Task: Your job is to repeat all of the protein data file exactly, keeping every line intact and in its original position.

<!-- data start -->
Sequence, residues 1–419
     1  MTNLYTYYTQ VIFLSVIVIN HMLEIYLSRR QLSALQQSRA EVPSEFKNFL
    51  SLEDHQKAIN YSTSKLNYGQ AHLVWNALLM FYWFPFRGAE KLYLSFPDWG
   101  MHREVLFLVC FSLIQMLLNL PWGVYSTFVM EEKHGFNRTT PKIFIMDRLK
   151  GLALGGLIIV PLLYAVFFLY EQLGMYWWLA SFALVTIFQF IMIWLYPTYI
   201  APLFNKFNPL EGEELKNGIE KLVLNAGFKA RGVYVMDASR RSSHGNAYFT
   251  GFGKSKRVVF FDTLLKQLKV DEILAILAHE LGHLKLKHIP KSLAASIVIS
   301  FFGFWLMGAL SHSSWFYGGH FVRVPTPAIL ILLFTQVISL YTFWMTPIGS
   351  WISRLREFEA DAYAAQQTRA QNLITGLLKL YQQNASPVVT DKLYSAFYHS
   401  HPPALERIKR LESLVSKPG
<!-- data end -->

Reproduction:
Sequence, residues 1–419
     1  MTNLYTYYTQ VIFLSVIVIN HMLEIYLSRR QLSALQQSRA EVPSEFKNFL
    51  SLEDHQKAIN YSTSKLNYGQ AHLVWNALLM FYWFPFRGAE KLYLSFPDWG
   101  MHREVLFLVC FSLIQMLLNL PWGVYSTFVM EEKHGFNRTT PKIFIMDRLK
   151  GLALGGLIIV PLLYAVFFLY EQLGMYWWLA SFALVTIFQF IMIWLYPTYI
   201  APLFNKFNPL EGEELKNGIE KLVLNAGFKA RGVYVMDASR RSSHGNAYFT
   251  GFGKSKRVVF FDTLLKQLKV DEILAILAHE LGHLKLKHIP KSLAASIVIS
   301  FFGFWLMGAL SHSSWFYGGH FVRVPTPAIL ILLFTQVISL YTFWMTPIGS
   351  WISRLREFEA DAYAAQQTRA QNLITGLLKL YQQNASPVVT DKLYSAFYHS
   401  HPPALERIKR LESLVSKPG